Allen’s teaching and research interests are broad and interdisciplinary. His research focuses on American cultural history and the application of digital technologies to history and the humanities more generally. He has written on the history of U.S. radio and television (Speaking of Soap Operas, 1985), film history and historiography (Film History: Theory and Practice, 1985), and American popular theater of the nineteenth and early twentieth century (Horrible Prettiness: Burlesque and American Culture, 1992). He is also the editor of To Be Continued: Soap Operas Around the World (1995) and two editions of the television criticism anthology, Channels of Discourse and Channels of Discourse, Reassembled (1987, 1994). He is the co-editor of The Television Studies Reader (2004) and Going to the Movies: Hollywood and the Social Experience of Cinema (2007).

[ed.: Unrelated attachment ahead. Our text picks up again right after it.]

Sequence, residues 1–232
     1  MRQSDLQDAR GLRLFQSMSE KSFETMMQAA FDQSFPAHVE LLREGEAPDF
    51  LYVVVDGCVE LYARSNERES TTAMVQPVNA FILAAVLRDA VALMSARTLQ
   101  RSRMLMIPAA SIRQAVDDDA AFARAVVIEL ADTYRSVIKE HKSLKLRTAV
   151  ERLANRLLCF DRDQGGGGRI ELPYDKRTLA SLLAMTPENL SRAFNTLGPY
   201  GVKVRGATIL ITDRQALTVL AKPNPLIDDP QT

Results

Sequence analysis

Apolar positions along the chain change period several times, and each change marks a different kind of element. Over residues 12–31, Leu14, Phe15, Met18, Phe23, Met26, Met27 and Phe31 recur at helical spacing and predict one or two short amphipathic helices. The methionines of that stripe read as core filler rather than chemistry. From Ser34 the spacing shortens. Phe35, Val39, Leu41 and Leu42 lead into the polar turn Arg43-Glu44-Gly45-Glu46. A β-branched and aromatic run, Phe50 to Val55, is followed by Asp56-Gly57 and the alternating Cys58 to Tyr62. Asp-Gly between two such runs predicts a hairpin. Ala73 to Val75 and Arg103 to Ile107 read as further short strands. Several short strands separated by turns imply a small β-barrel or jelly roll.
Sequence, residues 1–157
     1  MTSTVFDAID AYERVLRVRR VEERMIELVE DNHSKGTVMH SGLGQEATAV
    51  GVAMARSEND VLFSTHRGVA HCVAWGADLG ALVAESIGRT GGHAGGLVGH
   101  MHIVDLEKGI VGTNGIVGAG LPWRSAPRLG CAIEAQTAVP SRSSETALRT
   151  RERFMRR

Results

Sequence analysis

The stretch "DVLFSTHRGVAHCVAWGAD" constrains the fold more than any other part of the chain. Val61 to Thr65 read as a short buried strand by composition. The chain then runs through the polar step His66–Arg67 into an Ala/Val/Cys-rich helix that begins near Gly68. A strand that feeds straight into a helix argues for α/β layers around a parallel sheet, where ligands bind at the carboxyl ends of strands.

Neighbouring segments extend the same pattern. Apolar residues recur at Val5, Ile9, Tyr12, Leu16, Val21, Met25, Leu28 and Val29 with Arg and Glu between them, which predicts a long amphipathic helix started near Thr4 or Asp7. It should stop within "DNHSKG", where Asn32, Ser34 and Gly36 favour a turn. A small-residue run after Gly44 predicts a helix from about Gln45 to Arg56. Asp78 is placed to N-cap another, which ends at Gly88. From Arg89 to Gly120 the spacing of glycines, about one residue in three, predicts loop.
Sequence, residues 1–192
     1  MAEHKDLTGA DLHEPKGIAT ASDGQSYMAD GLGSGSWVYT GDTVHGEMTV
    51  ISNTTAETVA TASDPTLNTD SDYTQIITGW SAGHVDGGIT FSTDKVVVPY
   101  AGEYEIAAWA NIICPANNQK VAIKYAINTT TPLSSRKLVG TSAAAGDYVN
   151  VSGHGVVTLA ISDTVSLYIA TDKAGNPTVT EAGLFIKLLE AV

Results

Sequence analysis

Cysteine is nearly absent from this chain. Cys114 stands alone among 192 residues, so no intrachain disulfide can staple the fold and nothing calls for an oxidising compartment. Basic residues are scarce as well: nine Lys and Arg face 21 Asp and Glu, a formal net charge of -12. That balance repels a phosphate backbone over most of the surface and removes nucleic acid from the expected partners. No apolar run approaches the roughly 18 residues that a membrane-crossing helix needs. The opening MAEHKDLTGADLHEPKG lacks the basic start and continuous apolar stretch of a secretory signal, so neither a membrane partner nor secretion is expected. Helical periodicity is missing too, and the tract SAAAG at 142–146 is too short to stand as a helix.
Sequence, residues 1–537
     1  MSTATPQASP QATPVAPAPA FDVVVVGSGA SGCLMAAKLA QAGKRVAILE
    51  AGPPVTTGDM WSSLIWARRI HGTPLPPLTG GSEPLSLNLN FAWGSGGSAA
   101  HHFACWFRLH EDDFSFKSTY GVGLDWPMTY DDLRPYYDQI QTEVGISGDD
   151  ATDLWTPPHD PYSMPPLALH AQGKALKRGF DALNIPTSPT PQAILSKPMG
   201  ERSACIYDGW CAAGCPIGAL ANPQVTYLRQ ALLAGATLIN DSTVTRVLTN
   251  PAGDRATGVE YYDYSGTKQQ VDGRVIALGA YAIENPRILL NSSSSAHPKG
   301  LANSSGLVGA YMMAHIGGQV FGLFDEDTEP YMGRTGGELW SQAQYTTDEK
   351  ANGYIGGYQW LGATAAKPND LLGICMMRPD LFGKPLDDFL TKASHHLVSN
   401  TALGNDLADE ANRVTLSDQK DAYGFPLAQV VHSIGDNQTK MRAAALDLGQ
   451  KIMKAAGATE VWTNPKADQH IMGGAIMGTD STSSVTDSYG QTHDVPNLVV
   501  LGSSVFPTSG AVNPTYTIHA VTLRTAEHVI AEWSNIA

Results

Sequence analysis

His work in digital humanities includes “Going to the Show,” an online digital resource documenting the history of moviegoing in North Carolina, which was awarded the American Historical Association’s Rosenzweig Prize for Innovation in Digital History in 2011, and “Main Street, Carolina,” an ongoing program for engaging with cultural heritage organizations in N.C. in the creation of digital history projects. For this project he received the first C. Felix Harvey Award to Advance Institutional Priorities at UNC-CH in 2009.
He is director of the University’s Digital Innovation Lab, launched in 2011. The lab undertakes and facilitates the production of digital humanities tools, projects, and programs as “public goods.”